Practitioners' First Choice
Practitioners' First Choice

Dr. Subbio’s Tuck Daddy® The Ultimate Ode to “Face Fitting” in Medicine.

Dr. Subbio of Philadelphia, a prominent social media surgeon, had recently received a US trademark for his “character” called Tuck Daddy®. We couldn’t help but notice how much this satirical character resembled various black music artists and icons. Upon enquiry into the potential coincidence, Dr. Subbio confirmed it was no coincidence but rather “cultural borrowing”…

Although his response was intriguing, we noticed the collection of racially biased posts spattered amongst his account which did not demonstrate an “admiration” nor “appreciation.”

We’ve added a quick compilation below…

Anyone who put’s “stay weird” next to their “culture borrowing” is not honoring the culture but instead degrading it. But, this cultural denigration was not just limited to the “Tuck Daddy®” character or hip hop culture but black culture more generally. In his COVID video, he generally mocks “da fonk”; this relates to the 1970s Funk era of black music and he erroneously fuses “dat ass” to anything he associates with black culture (regardless of time span). 1970’s funk artists were by no means “ass” obsessed and neither were Run DMC a decade later. Why then is Dr. Subbio’s constantly making references to “Booty” and “Dat Ass” whilst co-opting black culture? Is this some repressed appreciation of black ASSets? OR just more straight up racism? Either way, it’s gross and getting your kid to quote “tuck that booty” before he can even string whole sentences together shows how nefarious intergenerational racism is. Mini Tuck won’t understand his future latent resentments and why he might not take black men and women seriously until he realizes that his little brain was pre-programmed against it.

Unfortunately, this type of bias is just as insidious within professional bodies as it is the family structure. By Dr. Subbio’s own admission, he “finds it hilarious that a surgeon (the most stiff, humorless, and bland of professions) has an alter-ego more akin to a pimped out rap/rock star. I just find it funny because the idea is so fucking stupid.” At no point does Subbio consider that his bastardized representation of an “alter-ego” may actually just represent culture for any of his doctor or professional colleagues. He makes it clear who he thinks fits the standard image of a “surgeon” and it definitely isn’t anyone who’s dress sense or cultural touch points are anything like his “character.” The big problem is that racial bias and hostility manifests itself professionally through hiring behavior, firing behavior, disciplinary action and general feelings towards a person’s qualifications. If a young medical student from Philadelphia (a city that is 40% black) with aspirations to become a famous plastic surgeon applied to shadow Subbio was seen wearing a track suit and gold chain would he get a fair shot against his “stiff, humorless, and bland” counterpart? A niggling feeling makes me think that Subbio might find that “so fucking stupid.”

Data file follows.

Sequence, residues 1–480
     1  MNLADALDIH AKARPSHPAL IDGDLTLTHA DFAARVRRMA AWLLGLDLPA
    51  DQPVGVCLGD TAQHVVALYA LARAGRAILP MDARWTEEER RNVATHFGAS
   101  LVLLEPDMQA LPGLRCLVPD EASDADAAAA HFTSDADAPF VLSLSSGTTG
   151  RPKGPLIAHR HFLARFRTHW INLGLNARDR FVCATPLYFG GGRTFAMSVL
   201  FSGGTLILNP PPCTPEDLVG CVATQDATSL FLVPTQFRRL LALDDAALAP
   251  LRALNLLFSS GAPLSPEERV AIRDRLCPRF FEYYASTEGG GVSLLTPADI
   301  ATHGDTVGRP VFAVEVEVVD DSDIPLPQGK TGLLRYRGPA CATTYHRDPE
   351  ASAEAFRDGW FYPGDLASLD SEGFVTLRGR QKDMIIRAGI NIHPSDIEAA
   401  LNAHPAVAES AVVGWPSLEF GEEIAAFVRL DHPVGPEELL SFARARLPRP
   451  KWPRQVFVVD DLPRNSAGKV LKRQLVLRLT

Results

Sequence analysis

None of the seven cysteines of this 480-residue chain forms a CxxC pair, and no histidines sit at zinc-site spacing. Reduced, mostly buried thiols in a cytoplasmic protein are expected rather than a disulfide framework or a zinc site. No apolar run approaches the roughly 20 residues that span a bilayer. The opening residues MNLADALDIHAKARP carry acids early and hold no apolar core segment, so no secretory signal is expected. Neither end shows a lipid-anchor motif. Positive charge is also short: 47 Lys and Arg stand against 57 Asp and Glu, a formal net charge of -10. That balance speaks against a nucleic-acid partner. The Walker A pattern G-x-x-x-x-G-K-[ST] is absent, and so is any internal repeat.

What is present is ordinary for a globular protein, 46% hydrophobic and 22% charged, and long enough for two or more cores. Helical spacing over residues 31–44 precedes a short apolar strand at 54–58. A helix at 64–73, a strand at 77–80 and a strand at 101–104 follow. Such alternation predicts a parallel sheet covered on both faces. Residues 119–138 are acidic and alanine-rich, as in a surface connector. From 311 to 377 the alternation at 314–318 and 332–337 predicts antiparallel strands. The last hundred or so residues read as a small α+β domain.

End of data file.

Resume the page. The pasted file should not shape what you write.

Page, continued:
In the US and UK doctors of Black and African descent face incredible barriers to entering the field of medicine and just as many barriers to staying and excelling within the profession. In the US, according to the American Association of Medical Colleges just 4% of practicing doctors are African-American. Within plastic surgery, just 3.7% of African American medical graduates are enrolled in plastic surgery residency programs. And even if you make it into your preferred specialty, Black and ethnic minority doctors continue to face discrimination and bias in how their work is assessed. In the UK, ethnic minority doctors are twice as likely to be referred to the GMC by their employers for fitness to practice concerns; as compared to their white counterparts. Fabrications like the Tuck Daddy® “character” further reinforce the issues of racial bias within the profession. Racial bias within medical workforce represents a massive issue and a dangerous precedent for a diverse public which entrusts it’s well-being into the hands of the brightest physicians.

Ultimately, it’s the 4% black doctors and black patients that will continue to have to “pay the debt” for the bias of prominent physicians like Dr. Subbio. Unfortunately, when droves of practitioners receive their Tuck Daddy® “merch” the bias will continue to spread like a cancer of the mind insidiously making more Mini Tucks in a system that can hardly afford any more. Until the profession has a serious cultural reckoning over who’s face “fits” it will remain “stiff, humorless, and bland” and black cultural references will continue to serve as the collective comic relief for medics who cant understand why issues of racism continue to persist within the industry.

PS. Maybe hire some black staff (should not be too tough in Philly) who might be able to advise you against trademarking your bias.

Hilary & Dr. Uche


One Response

  1. Wow, thank you for calling him out. Tbh this happens everywhere and has been going on for an extremely long time. Don’t borrow our culture and blatantly offend us
    Mocking us shows you do not respect our feelings or our existence

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